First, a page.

When your clients are thinking about what they want to leave to those who come after them, what do they care about more?: family stories or financial wealth.
According to a study by the Allianz American Legacies Pulse Survey, 86 percent of baby boomers rated family stories as more important than financial wealth.
The generation before the boomers didn’t rate family stories quite so high, but still, 74 percent of them rated stories as more important than financial inheritance.
The Heart of the Family
There’s a reason so many of your clients feel stories are more important than financial inheritance. Stories get to the heart of everything that makes a family a family. Stories help create our identity, our values, our culture and, maybe most importantly, stories are the glue that holds us together across the generations.
As Dr. Judith Kolva, personal historian and CEO and founder of Legacies In Ink points out, “Seventy percent of wealthy families lose their wealth by the second generation, and a stunning ninety percent by the third generation.”
She goes on to say, “It’s important to arrange for passing on the financial wealth, and also the material things such as land, the house, and the jewelry. Still, what really gets to the heart of a family’s ability to preserve its wealth is its ability to preserve its stories.”
Family stories are like little computer programs for our brains. Stories tell us that we’re stewards of a legacy that began before us and that we need to preserve for those who come after us.
Reasons to Record
Stories are the key to preserving and strengthening the family culture, but there are additional reasons to encourage your clients to record their family stories. Dr. Kolva has spent the last 18 years helping families preserve their family stories, and she has many reasons to believe in the importance of it. Stories allow them to:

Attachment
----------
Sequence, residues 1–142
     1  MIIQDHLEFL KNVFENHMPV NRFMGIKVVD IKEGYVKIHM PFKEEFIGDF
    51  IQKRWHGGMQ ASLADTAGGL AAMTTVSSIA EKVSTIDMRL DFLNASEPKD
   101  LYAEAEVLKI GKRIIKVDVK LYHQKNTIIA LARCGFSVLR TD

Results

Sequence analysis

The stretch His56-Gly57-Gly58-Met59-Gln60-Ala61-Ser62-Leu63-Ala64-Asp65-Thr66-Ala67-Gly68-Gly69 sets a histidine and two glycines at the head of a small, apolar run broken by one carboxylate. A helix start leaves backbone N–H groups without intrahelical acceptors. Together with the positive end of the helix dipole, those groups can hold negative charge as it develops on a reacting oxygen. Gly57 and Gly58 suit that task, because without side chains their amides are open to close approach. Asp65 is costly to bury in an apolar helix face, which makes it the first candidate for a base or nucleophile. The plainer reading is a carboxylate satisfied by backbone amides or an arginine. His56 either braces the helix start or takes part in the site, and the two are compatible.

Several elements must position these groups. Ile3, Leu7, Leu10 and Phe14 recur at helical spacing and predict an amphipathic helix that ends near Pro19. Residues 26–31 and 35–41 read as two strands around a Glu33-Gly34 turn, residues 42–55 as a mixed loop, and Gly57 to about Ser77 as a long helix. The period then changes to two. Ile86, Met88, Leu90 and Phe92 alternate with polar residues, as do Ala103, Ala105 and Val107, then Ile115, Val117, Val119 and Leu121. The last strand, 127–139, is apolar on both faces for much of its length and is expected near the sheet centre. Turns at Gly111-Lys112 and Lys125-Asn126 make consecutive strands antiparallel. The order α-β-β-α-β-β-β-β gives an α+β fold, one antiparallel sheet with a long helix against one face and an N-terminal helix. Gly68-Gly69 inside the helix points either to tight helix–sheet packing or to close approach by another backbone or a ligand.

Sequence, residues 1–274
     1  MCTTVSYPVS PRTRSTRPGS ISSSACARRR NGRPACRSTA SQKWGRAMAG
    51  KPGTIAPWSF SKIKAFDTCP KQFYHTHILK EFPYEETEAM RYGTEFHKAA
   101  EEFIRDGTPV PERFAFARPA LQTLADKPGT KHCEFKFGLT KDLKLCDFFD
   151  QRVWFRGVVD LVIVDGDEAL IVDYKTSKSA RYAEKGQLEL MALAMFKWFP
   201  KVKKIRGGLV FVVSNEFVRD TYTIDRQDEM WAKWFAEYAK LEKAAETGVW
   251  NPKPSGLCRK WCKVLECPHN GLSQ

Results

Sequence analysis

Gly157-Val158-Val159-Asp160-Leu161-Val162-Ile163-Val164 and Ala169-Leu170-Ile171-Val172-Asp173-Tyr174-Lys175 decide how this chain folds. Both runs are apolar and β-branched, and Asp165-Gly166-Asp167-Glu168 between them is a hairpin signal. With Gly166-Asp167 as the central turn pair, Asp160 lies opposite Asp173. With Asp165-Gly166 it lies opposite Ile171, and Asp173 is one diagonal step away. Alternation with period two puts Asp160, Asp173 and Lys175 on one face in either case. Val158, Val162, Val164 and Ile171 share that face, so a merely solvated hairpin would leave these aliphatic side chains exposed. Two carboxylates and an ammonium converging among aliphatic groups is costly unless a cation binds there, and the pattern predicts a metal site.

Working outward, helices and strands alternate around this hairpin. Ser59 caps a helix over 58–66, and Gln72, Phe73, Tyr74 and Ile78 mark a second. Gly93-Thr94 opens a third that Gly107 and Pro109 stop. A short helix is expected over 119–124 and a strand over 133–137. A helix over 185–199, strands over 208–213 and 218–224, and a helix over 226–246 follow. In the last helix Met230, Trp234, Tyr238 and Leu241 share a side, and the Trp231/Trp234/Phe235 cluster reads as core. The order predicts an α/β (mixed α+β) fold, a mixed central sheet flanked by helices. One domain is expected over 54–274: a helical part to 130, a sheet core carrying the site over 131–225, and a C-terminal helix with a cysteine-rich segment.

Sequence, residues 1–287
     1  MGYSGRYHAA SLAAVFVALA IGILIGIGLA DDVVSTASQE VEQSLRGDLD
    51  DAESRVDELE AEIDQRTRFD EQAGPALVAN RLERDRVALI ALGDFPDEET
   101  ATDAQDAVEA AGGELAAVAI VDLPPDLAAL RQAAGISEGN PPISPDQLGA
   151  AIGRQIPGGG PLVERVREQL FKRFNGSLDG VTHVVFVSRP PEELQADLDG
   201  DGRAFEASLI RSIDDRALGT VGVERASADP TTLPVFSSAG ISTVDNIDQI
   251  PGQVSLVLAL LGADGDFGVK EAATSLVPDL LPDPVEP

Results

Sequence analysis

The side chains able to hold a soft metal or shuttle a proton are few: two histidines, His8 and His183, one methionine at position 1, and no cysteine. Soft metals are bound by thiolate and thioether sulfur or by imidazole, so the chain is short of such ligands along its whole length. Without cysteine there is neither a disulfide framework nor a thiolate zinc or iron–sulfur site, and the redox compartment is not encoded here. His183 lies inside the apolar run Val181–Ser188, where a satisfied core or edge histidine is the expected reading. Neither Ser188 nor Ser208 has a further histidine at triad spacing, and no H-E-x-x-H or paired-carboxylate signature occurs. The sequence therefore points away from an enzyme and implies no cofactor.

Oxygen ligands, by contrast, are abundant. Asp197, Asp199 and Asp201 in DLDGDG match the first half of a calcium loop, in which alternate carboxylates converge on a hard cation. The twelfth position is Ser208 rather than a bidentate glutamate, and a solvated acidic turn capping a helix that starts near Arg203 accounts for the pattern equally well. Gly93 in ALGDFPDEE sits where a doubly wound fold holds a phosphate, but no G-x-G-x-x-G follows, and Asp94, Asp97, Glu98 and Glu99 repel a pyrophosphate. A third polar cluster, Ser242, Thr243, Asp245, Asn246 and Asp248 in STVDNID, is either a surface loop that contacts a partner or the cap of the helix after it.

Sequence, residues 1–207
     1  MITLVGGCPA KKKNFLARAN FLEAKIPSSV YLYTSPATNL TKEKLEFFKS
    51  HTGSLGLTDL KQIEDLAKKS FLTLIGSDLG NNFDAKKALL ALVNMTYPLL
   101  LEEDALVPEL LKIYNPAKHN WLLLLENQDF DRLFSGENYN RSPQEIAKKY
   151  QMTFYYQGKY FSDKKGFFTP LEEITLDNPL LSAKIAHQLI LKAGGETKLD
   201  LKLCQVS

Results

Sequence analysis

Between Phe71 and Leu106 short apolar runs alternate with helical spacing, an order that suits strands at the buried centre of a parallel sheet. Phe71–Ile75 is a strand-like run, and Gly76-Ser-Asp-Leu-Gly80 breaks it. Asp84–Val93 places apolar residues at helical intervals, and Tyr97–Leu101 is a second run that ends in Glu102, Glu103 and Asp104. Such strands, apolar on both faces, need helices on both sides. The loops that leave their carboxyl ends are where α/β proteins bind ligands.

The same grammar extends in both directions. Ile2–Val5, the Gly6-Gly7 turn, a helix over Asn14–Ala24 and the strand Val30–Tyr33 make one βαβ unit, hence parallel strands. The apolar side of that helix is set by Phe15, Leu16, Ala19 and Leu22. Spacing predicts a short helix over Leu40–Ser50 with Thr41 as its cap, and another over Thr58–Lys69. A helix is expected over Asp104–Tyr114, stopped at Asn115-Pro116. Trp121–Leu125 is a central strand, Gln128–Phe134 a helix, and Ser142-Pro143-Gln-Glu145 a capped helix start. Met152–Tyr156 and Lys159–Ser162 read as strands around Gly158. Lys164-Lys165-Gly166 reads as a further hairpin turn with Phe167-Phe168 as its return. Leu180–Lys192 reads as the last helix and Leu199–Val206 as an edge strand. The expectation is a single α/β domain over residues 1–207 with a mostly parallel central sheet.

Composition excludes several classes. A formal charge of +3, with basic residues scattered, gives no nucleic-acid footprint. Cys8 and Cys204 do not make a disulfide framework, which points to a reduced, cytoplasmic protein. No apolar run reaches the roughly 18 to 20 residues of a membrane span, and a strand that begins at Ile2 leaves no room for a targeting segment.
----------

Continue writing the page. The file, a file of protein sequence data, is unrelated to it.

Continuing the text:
- Pass on values, traditions and morals
- Serve as a moral and spiritual compass
- Share hard-learned life lessons
- Create a sense of belonging and loyalty
- Document family medical histories
- Prepare the next generations for their responsibilities
Based on my own experience, I’d recommend suggesting to all your clients to start recording their family stories as soon as possible. An unfortunate—if not tragic—thing about stories is, if someone doesn’t record them, the priceless wisdom they contain will be lost to future generations.
I remember when Frank Perdue and I first married, he was 68 years old. Many of his teachers and other people who knew him as a child were in their late 80s. I wrote a biography of him as a present for the 70th anniversary of Perdue Farms and interviewed several dozen of them.
Within less than a year, many of my sources for these great stories had passed on. If I hadn’t recorded the stories when I did, they would’ve been lost, along with their priceless, enriching and inspirational insights on the roots of Frank’s success.
How to Transmit